How Long Does Rum Last? | Does It Go Bad?


Box of Four Rum Bottles From Different Countries

Rum is one of the staple drinks in just about any liquor cabinet. If you buy the “good stuff” it is easy to let the years slip away before you drink it all. So, if you happen to find a really old bottle of rum would it be safe to drink? How long does it really last?

An unopened bottle of rum, if stored away from heat and light, will last indefinitely. Unlike wine, spirits do not age or change over time. If you correctly store an unopened bottle of rum, it should taste the same as the day it left the distillery.

Do you remember Captain Jack Sparrow finds the rum cache on that small deserted island? The bottles were drinkable because someone buried them in the cool sand, away from the blazing Caribbean sun. Please read on to find out the details on why this is the case.

How Long Does Rum Last Unopened?

In all seriousness, opened or unopened, rum should last indefinitely. The best tips to remember are to store the bottle away from direct sunlight or heat and in a cool, dry space. Unlike wine, spirits do not ‘age’ alter as time passe

Today’s manufacturers recommend drinking a bottle of rum within six months of opening. However, the manufacturers surely want you to purchase more rum. So, take that as a target, rather than a hard and fast deadline.

Is there a difference between dark, gold, or light rum? In terms of storage, no. The differences lie in the initial aging process but treat all rum the same once it’s in your home.

How Long Does Rum Last in a Decanter or Flask?

Liquor decanters are that little luxury that gives your bar a sophisticated appearance. A crystal-clear decanter also shows off dark rum to the best advantage. With an air-tight seal, the decanter is an excellent container for rum. However, most decanters have a looser seal for the glass stopper, which will lead to oxidation. The thing to look for is to get a geometric stopper, this seems to be the key to keeping the decanter airtight. Here is a really good decanter found on Amazon.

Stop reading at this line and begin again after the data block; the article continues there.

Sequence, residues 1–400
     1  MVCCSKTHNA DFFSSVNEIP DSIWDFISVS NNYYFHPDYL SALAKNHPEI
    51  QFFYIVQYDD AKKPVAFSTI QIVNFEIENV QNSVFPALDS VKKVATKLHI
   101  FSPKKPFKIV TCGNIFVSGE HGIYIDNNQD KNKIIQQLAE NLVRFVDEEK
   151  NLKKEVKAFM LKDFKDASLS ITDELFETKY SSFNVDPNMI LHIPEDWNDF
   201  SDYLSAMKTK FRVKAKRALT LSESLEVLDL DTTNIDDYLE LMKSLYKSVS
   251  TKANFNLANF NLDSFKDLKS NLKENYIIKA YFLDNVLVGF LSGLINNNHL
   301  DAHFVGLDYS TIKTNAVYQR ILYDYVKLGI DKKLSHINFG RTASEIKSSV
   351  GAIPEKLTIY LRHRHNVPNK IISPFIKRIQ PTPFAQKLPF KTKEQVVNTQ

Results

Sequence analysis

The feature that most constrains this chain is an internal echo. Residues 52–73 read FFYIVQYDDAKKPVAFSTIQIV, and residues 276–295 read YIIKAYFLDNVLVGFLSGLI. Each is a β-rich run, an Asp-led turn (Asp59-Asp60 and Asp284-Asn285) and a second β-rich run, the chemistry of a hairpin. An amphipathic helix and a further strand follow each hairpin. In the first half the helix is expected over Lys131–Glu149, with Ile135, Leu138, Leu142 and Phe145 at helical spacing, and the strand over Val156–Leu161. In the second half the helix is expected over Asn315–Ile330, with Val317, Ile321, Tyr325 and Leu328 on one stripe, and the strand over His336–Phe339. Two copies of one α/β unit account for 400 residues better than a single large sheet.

Rum in a flask is great, but it has the same dangers as rum in a glass bottle. You still need to keep the flask in a cool, dark space. Whether that’s inside your coat pocket or on your back hip, a tight seal is essential. Ideally, any rum you put in a flask is expected to be gone within a day. So drink up!

Does Rum Go Bad in a Plastic Bottle?

In general, spirits should not be kept in plastic bottles. The chemistry of alcohol reacts negatively with the plastic compounds. Think of alcohol as a solvent, and you get the point. If you plan to put your rum in a plastic decanter, make sure the plastic is rated for alcohol storage. This is an occasion where it doesn’t pay to go cheap. Even then, only keep it in the container for a few days to a week, at most.

How Long Does Rum Last at Room Temperature?

If you’re in cooler climes and can store rum at 60-65, then room temperature is fine. However, it’s best to be on the safe side and keep your bottle on the bar shelf or even in the cellar.

How Long Will Rum Last in the Refrigerator?

Storing your opened bottle of rum in the refrigerator doesn’t seem to help one way or another. If you prefer your rum served cold over ice, then refrigerate. The point about air still comes into play-make sure the bottle is tightly closed. Don’t refrigerate with a pourer instead of a proper cap.

Does Rum Go Bad?